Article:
While lecturing all over the world, I have discovered some common themes among horse owners. It seems that a very large percentage of horse owners learned how to feed their horses from someone they know who has owned horses longer than they have. In every country, I am asked the same question: “I feed X scoops of Brand Z feed and 4 flakes of hay per day to my horse, what do you think of my feeding program?” I am also often asked to comment on a particular feeding program based on whether a horse is fat or thin. Making a sound feeding recommendation based on this subjective information is close to impossible.
For centuries, horse owners have described their horses as fat or thin, or some iteration of these terms. The problem is, what is fat in one person’s opinion may well be seen as being fit to someone else. It wasn’t until the early 1980s that a scoring system was first described and finally adopted by people in the horse industry. It was applied initially in academia and related to research to minimize the subjectivity of how fat an animal appeared. Since then, the scale has been widely accepted by nutritionists, veterinarians, owners and trainers to help communicate the measurement of the amount of cover (muscle and fat) on the horse. This body condition score (BCS), a numerical value ranging from 1 (thinnest) to 9 (fattest), is based on palpating (feeling) fat cover in six areas on the horse (see figure 1), with the emphasis on feeling for the fat cover and not just looking at these regions.
What BCS a horse owner prefers for their horse depends on several factors, including personal preference, the health status of the horse and the horse’s use. Horses that are being shown or prepared for sale are often in a higher numerical group, 6 compared to a 5, than a horse being kept at home. A mare in late pregnancy will often have a higher BCS than the same mare at weaning time since much of the fat cover will have been used as energy during lactation. Hard keepers and horses in high-level training, e.g., racing, may be difficult to get a BCS over 5, whereas some easy keepers, e.g. ponies, require strict diets to maintain a BCS of less than 8 or 9. For most horses, if possible, try to keep the BCS between 5 and 7.
Knowing the BCS of a horse also allows for improved communication between the owner and others, e.g., veterinarians. It is also a great way to measure body composition over time and set targets for what BCS a horse should have for specific needs such as competing.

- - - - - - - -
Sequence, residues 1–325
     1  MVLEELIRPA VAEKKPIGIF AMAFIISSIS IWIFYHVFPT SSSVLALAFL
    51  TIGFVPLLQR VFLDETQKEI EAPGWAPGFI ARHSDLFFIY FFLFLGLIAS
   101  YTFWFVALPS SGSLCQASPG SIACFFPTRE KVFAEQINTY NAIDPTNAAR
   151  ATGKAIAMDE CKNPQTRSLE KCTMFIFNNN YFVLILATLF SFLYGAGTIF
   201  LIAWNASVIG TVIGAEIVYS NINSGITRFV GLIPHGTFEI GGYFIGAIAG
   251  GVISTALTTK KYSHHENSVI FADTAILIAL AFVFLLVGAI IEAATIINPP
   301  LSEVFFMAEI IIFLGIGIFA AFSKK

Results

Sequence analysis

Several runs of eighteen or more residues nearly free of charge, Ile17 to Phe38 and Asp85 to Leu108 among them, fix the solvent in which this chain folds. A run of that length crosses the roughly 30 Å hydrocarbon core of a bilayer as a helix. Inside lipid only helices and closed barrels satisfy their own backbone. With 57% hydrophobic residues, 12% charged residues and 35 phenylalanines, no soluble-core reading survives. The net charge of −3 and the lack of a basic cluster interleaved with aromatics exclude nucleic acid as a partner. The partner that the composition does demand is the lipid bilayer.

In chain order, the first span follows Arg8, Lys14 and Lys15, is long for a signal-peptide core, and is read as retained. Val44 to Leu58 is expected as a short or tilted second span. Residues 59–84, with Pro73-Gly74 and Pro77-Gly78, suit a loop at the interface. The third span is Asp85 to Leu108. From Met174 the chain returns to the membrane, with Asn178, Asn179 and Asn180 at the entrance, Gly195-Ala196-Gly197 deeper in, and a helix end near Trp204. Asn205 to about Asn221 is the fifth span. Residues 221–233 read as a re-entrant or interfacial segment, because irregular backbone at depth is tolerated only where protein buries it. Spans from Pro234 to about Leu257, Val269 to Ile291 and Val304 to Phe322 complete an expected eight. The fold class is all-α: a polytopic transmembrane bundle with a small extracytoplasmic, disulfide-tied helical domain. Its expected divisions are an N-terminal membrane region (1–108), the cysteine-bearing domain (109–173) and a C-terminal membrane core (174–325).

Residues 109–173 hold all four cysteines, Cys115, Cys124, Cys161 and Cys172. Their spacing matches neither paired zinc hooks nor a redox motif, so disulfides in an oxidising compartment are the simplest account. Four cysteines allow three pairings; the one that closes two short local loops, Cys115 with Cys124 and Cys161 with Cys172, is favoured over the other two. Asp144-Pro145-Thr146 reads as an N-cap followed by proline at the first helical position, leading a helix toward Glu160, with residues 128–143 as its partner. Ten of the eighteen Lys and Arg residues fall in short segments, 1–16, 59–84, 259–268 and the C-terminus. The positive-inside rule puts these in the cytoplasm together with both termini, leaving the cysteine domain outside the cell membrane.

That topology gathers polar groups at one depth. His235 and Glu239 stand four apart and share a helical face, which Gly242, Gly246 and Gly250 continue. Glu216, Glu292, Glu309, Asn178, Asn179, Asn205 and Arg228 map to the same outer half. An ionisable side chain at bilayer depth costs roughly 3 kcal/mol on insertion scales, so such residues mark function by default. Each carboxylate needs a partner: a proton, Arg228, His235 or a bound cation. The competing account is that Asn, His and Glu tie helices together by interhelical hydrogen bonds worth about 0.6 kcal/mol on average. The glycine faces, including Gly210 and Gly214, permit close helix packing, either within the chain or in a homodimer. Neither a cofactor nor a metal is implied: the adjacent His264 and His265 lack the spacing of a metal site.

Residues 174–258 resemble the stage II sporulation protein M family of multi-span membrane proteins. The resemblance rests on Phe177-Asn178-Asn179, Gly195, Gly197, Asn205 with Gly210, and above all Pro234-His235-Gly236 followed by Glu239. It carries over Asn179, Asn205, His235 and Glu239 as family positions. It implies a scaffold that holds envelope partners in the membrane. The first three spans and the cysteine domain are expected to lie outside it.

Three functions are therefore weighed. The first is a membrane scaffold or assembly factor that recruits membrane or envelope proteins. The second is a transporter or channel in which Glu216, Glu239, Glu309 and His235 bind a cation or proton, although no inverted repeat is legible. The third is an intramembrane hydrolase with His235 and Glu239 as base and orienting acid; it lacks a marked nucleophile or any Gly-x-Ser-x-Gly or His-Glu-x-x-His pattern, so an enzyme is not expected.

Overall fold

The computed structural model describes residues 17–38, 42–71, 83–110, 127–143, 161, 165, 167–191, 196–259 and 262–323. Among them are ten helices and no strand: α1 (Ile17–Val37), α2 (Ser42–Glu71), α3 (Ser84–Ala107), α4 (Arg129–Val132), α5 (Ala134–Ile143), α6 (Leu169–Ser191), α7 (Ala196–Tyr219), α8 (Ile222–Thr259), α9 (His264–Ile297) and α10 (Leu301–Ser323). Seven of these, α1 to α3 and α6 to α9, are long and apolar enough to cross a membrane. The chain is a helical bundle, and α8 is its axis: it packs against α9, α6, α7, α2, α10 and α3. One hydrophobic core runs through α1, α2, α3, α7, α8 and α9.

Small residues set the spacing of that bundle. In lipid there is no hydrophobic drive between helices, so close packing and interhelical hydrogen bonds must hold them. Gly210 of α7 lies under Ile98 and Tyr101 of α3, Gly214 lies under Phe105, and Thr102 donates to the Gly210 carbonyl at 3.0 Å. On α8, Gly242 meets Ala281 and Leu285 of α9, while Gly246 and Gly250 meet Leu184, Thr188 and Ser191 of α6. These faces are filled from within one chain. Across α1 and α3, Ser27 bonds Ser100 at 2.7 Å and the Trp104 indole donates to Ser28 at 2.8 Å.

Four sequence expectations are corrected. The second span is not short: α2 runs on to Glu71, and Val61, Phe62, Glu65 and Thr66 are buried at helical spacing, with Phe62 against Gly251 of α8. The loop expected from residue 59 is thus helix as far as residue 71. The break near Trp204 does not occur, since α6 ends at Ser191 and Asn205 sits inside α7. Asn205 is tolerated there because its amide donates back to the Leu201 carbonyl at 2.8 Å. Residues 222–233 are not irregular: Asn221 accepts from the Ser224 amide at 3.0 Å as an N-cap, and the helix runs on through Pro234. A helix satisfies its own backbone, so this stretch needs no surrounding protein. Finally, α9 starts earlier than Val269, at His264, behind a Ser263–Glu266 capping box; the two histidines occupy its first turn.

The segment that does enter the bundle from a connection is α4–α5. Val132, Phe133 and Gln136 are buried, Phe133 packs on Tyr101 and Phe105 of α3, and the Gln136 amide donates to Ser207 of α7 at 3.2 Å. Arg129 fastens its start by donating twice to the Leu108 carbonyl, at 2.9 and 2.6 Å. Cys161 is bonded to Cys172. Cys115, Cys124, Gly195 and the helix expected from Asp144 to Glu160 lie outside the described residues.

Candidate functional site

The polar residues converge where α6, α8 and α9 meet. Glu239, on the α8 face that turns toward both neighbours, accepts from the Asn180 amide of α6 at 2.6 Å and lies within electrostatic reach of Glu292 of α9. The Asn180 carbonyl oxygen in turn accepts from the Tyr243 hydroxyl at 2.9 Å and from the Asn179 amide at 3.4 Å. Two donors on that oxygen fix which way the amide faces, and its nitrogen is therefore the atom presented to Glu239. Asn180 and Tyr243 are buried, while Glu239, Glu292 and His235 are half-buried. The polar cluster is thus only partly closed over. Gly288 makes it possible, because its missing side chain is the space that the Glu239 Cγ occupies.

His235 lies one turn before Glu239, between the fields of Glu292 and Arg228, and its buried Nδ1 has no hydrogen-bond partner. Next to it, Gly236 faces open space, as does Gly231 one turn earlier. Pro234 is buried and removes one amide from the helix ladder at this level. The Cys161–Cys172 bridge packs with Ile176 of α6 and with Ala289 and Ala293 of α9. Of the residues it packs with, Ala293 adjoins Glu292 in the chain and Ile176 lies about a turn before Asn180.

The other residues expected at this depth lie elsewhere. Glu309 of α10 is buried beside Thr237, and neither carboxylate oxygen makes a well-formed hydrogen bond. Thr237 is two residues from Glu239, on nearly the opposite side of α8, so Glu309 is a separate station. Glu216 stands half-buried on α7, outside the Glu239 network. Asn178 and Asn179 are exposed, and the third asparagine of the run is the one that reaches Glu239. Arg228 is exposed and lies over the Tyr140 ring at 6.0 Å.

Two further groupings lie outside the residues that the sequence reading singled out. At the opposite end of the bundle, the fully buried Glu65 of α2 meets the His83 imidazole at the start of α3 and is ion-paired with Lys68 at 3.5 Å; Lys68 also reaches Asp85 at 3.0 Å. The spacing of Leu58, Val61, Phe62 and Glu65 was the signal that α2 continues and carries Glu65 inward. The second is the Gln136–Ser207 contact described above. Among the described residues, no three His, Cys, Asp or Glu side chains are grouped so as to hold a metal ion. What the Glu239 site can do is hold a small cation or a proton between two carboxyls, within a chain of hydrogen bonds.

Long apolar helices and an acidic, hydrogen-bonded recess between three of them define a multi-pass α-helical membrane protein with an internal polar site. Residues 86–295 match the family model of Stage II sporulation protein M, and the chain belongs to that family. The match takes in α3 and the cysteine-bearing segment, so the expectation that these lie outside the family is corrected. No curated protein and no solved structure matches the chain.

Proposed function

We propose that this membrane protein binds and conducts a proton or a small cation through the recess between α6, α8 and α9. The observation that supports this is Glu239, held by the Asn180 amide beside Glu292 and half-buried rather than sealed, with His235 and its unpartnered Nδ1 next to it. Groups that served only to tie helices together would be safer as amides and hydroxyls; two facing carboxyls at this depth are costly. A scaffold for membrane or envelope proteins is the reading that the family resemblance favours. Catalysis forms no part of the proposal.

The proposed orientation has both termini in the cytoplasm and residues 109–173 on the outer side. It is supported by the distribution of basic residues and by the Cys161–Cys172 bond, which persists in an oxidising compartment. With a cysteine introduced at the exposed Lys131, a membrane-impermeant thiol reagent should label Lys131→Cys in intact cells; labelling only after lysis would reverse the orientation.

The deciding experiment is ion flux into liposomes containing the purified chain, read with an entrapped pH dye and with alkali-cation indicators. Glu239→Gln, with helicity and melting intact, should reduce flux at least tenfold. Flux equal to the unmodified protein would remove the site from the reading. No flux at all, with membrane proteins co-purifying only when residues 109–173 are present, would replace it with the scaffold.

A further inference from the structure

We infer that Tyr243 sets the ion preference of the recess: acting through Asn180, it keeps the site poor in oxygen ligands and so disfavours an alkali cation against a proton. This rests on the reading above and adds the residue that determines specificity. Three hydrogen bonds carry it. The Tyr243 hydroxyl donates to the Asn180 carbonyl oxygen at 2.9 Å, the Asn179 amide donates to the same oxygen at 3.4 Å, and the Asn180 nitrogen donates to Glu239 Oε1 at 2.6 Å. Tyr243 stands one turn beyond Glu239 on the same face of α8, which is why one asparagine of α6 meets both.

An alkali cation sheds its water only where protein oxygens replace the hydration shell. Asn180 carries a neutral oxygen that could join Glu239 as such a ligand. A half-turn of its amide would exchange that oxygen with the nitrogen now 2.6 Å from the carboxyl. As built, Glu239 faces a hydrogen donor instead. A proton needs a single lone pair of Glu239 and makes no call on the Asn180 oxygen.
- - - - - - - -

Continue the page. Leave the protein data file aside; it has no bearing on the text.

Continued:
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ABOUT RICHARD G. GODBEE, PH.D., PAS, DIPL. ACAS - NUTRITION
Dr. Richard G. Godbee received a Bachelor of Science in Agriculture and a Master of Science in Ruminant Nutrition from the University of Georgia. He received his Ph.D. in Animal Nutrition/Nutritional Biochemistry with an emphasis in equine from Colorado State University. He has numerous publications in peer-reviewed journals and popular press on multiple species.
He has presented papers and given invited talks throughout the United States, Japan, Ireland, England, Germany, Switzerland, Norway, Sweden, Finland, Australia, Mexico and Canada.
Dr. Godbee is a Director of Product Development in Research and Development for Central Garden & Pet Company. He has served as a faculty or adjunct faculty member of several universities. He has also served on the graduate committees for Master and Ph.D. candidates at numerous universities.
Dr. Godbee's research interest has included the effect of nutrition on immunity and inflammation. He is Board Certified in Animal Nutrition by the American College of Animal Science and has achieved Professional Animal Scientist status in the American Registry of Professional Animal Scientists with a specialty in horses. He is also a member of the American Academy of Veterinary Nutrition. He owns and shows cutting horses at local and national events.